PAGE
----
Most legal authors today self-publish, using basic word-processing software and letting the software’s default settings determine what their documents will look like when printed. As these settings are not optimized for legal texts, they do so at their peril. The default font Times New Roman, for example, as Chief Judge Frank Easterbrook warns, is "utterly inappropriate for long documents [such as] briefs."

Commentators have started urging a more deliberate approach to legal typography. Their suggestions, however, have been content-neutral, intended for all legal texts and focused on goals such as legibility and readability.

Typography, however, has much greater potential ...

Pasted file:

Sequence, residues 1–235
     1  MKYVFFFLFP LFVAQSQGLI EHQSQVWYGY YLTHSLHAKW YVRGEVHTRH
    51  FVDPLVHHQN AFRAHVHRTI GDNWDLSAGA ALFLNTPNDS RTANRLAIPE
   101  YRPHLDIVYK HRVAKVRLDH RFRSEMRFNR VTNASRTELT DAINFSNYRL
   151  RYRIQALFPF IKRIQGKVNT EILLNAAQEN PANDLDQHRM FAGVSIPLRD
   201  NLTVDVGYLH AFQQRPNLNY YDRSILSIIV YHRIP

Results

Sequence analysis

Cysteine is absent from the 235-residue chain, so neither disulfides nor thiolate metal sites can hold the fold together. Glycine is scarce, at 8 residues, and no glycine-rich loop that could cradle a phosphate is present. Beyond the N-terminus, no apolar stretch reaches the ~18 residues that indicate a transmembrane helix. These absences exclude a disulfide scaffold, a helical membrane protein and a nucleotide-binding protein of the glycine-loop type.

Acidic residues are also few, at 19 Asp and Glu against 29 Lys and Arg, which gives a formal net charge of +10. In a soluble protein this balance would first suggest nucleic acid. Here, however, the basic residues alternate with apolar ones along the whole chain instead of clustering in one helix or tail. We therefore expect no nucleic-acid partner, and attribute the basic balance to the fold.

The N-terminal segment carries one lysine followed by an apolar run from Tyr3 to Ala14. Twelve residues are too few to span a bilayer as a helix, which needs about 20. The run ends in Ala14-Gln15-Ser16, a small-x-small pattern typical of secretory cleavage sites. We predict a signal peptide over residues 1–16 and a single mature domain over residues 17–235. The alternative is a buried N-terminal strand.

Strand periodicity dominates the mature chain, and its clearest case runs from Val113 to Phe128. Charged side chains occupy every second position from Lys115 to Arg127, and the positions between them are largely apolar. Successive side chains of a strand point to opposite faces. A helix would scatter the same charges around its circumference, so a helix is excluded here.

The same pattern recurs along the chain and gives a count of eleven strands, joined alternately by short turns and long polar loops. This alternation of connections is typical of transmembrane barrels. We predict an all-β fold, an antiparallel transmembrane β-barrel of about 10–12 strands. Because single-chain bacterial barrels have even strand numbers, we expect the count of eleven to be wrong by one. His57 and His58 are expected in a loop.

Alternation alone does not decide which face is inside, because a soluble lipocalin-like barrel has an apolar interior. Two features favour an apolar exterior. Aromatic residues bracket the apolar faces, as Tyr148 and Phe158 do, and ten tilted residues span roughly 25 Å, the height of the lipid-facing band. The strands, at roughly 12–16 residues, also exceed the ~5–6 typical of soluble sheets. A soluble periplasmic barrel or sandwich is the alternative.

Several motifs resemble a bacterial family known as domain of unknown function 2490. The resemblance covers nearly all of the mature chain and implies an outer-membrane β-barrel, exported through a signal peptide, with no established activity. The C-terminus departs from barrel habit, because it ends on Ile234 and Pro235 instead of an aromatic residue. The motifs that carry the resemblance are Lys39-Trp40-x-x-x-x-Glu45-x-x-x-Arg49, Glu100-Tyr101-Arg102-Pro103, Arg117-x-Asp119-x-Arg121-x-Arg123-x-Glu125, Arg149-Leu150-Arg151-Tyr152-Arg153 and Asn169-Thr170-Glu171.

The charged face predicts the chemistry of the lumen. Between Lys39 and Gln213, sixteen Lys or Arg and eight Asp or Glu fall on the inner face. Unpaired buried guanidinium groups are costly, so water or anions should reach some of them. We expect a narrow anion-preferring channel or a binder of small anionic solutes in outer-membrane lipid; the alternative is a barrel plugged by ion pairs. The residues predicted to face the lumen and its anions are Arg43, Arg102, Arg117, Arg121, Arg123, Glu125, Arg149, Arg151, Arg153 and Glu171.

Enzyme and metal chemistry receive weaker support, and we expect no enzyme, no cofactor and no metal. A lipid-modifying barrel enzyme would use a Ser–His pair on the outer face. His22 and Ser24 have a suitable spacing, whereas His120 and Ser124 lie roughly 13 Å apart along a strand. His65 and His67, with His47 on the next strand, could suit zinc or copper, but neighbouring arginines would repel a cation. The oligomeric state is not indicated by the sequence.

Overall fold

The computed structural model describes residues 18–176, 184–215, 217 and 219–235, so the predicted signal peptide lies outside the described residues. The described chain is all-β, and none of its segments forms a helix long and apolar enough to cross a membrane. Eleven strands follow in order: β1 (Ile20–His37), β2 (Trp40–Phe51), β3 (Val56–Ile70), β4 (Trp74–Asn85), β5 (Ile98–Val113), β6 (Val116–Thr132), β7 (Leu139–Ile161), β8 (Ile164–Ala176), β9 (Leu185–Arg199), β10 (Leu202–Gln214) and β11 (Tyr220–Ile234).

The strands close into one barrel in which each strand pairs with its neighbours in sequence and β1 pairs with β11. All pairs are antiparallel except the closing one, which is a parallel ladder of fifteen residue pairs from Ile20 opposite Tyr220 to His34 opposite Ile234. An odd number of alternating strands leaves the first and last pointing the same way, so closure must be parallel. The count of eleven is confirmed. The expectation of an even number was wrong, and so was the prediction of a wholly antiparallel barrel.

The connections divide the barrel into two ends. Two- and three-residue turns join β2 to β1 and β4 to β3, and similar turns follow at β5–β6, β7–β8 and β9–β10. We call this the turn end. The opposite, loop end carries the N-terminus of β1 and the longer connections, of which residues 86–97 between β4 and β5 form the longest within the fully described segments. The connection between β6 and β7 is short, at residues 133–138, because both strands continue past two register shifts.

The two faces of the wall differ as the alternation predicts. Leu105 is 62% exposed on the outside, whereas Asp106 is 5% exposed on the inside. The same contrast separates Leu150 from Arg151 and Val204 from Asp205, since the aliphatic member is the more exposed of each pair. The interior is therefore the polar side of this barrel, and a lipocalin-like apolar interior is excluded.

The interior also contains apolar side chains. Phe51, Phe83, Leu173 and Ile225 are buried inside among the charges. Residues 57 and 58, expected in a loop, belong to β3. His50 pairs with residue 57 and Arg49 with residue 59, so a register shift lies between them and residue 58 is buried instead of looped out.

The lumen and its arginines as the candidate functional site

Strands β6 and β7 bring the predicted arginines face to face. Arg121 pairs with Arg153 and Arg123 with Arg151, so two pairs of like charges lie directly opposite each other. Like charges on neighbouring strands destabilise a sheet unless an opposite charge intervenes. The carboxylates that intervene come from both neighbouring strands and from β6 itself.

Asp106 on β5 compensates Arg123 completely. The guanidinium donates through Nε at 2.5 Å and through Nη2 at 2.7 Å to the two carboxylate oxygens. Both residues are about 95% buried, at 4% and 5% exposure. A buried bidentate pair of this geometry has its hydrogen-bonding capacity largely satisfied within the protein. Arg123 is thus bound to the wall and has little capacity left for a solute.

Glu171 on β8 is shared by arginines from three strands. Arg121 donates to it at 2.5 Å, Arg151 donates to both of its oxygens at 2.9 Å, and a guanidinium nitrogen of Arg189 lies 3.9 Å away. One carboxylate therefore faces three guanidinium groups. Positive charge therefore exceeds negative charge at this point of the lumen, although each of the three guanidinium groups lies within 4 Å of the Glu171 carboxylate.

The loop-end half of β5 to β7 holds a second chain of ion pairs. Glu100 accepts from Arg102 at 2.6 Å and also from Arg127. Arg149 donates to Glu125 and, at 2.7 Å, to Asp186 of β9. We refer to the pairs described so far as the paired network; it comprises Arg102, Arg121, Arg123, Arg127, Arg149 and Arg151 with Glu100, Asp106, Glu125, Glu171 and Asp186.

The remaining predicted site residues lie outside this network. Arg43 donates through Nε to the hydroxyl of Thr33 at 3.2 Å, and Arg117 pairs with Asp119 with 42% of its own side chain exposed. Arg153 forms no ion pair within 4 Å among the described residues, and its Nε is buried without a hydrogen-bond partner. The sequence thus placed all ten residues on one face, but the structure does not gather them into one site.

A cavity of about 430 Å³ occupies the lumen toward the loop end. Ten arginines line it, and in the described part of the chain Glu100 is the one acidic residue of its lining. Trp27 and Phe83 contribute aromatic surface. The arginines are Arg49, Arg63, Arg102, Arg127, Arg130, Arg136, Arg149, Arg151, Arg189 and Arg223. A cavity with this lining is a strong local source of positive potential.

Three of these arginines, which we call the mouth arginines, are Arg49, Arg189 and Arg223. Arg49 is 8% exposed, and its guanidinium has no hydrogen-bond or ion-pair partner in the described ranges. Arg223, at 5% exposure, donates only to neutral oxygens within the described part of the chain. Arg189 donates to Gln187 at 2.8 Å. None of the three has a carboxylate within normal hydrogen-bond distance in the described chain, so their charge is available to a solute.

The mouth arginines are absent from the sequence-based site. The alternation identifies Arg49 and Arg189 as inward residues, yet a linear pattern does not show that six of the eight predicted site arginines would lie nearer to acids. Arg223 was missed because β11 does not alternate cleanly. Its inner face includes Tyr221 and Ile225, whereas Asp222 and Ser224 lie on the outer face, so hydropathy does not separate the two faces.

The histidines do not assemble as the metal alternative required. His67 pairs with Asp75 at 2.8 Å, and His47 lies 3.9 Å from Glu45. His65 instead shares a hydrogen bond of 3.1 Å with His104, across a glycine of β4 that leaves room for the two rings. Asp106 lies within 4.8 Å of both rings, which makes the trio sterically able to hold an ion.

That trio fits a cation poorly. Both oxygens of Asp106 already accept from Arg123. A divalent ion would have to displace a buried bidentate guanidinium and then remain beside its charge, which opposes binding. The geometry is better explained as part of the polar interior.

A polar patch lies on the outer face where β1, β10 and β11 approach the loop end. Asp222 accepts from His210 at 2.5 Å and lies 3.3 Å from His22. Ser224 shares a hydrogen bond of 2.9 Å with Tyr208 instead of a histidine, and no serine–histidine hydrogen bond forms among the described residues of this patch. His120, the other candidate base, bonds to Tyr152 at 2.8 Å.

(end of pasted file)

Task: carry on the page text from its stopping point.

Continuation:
Judicial Elections As Popular Constitutionalism, David E. Pozen 2010 Columbia Law School

Judicial Elections As Popular Constitutionalism, David E. Pozen

Faculty Scholarship

One of the most important recent developments in American legal theory is the burgeoning interest in "popular constitutionalism." One of the most important features of the American legal system is the selection of state judges – judges who resolve thousands of state and federal constitutional questions each year – by popular election. Although a large literature addresses each of these subjects, scholarship has rarely bridged the two. Hardly anyone has evaluated judicial elections in light of popular constitutionalism, or vice versa.

This Article undertakes that thought experiment. Conceptualizing judicial elections as instruments of popular constitutionalism, the Article aims to show, can enrich ...


(Mis)Judging Intent: The Fundamental Attribution Error In Federal Securities Law, Victor D. Quintanilla 2010 Indiana University Maurer School of Law

(Mis)Judging Intent: The Fundamental Attribution Error In Federal Securities Law, Victor D. Quintanilla